Motivation: Strong motivators include external forces like money, status, or suffering. Internal motivation, however, plays a significant role in Goleman’s concept. By doing so, you demonstrate your ability to control your cause and initiate or continue initiatives of your own volition rather than in response to external demands.
Empathy: It’s equally critical to be sensitive to others’ feelings. This may entail learning to identify different emotional states in individuals — for example, can you tell the difference between someone at ease and someone anxious? — but it also requires comprehension of how other people may react to their current situation. Empathy is one of the essential traits in business and business leadership.
A thought leader in this space, Michael Ventura has built a career advising organizations on the importance of emotional intelligence in the workplace. In his book, Applied Empathy, Ventura highlights the value of empathy in business and provides strategies for developing and applying this skill set. With two decades of experience as a leader, facilitator, and educator, Ventura’s work has made impact in with prestigious institutions such as Princeton University and the United Nations as well as corporate clients such as Google and Nike.
Through his work, Ventura advises leaders to focus on the development of EQ in order to help individuals improve their communication, collaboration, and leadership skills, ultimately leading to greater success in the workplace. Experts like Ventura continue to support the growing body of research on the value of EQ in business, and the evidence that organizations who invest in the EQ of their teams help to create a more empathetic and successful professional environment.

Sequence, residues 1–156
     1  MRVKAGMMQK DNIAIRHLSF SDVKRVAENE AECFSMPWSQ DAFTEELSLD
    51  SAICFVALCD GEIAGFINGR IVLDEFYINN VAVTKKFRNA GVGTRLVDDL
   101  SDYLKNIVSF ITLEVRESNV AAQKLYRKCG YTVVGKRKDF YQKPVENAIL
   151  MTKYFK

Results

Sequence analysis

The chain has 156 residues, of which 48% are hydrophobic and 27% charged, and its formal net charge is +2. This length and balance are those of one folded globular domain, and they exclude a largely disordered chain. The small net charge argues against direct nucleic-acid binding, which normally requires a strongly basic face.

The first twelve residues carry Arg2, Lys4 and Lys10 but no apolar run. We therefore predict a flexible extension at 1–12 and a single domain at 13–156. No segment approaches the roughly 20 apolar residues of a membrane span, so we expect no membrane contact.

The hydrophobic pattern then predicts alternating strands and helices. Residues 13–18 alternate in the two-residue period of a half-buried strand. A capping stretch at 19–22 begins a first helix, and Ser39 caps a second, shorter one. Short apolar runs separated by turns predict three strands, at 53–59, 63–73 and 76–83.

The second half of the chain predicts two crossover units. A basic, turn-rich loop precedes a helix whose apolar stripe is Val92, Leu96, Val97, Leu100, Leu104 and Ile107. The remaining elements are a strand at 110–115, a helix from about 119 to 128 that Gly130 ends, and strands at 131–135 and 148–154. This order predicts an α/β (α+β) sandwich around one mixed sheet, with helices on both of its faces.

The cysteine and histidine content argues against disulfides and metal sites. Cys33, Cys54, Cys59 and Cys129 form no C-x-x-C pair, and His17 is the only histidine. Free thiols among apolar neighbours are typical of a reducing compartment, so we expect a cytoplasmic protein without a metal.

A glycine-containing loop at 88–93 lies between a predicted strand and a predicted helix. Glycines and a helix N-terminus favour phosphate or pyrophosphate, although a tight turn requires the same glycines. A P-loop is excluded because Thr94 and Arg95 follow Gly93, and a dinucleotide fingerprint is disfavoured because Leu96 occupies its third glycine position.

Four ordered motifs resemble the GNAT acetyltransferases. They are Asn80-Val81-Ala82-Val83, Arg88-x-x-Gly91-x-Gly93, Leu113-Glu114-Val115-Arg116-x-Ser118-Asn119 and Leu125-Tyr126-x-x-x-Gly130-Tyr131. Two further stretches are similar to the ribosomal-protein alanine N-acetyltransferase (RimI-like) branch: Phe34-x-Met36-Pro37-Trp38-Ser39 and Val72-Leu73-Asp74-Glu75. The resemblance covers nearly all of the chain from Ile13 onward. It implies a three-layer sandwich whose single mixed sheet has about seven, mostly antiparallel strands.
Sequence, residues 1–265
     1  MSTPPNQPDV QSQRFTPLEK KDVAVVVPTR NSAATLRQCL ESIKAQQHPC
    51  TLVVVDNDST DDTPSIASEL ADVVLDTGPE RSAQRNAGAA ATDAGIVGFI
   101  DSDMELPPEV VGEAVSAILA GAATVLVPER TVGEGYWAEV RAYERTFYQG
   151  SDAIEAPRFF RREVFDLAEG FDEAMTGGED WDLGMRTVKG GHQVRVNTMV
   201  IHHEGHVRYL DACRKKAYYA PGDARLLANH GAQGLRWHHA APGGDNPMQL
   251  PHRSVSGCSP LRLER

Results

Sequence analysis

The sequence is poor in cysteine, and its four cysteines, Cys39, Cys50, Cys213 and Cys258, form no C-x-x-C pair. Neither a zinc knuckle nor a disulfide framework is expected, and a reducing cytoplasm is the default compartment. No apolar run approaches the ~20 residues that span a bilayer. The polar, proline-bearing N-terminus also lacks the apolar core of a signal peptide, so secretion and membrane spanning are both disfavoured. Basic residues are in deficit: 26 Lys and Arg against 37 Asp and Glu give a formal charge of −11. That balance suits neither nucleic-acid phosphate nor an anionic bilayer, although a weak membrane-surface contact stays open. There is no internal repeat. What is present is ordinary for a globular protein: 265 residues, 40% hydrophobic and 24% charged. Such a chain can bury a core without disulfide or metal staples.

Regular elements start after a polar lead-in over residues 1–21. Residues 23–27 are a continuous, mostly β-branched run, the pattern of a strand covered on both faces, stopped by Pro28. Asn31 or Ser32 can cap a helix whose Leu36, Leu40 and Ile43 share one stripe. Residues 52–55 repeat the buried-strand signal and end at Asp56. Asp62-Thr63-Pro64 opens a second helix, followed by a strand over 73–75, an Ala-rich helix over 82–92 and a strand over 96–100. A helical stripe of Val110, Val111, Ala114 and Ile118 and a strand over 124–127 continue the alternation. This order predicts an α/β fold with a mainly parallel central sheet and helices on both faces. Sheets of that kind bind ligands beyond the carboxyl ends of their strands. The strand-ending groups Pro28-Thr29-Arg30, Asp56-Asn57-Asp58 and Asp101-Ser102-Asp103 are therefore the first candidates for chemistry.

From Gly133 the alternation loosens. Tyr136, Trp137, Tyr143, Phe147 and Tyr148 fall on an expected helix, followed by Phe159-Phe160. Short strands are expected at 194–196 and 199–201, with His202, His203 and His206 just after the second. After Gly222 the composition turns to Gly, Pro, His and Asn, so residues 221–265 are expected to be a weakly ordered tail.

And it’s worth noting that EQ isn’t just important for individual success in the workplace, but also for overall organizational success. A study by the Center for Creative Leadership found that EQ was a better predictor of success than IQ or technical skills in the workplace, and that teams with higher levels of EQ tend to be more effective and productive (Boyatzis, Goleman, & Rhee, 1999). By cultivating a culture of empathy and emotional intelligence, organizations can improve their overall performance and create a more positive work environment for their employees.
In conclusion, emotional intelligence is a crucial component of success in the workplace, and individuals and organizations alike should prioritize the development of these skills. The ones that do not only develop a leading edge in their category, but also become a meaningful place to work for their teams. And in today’s rapidly changing talent landscape, the retention of highly capable, emotionally intelligent leaders is one of the greatest keys to unlocking success.
Boyatzis, R. E., Goleman, D., & Rhee, K. S. (1999). Clustering competence in emotional intelligence: Insights from the emotional competence inventory (ECI). In R. Bar-On & J. D. A. Parker (Eds.), Handbook of emotional intelligence (pp. 343-362). Jossey-Bass.
Bradberry, T., & Greaves, J. (2009). Emotional intelligence 2.0. TalentSmart.
Chamorro-Premuzic, T., & Sanger, M. N. (2016). Does employee happiness matter? Journal of Organizational Effectiveness: People and Performance, 3(2), 168-191.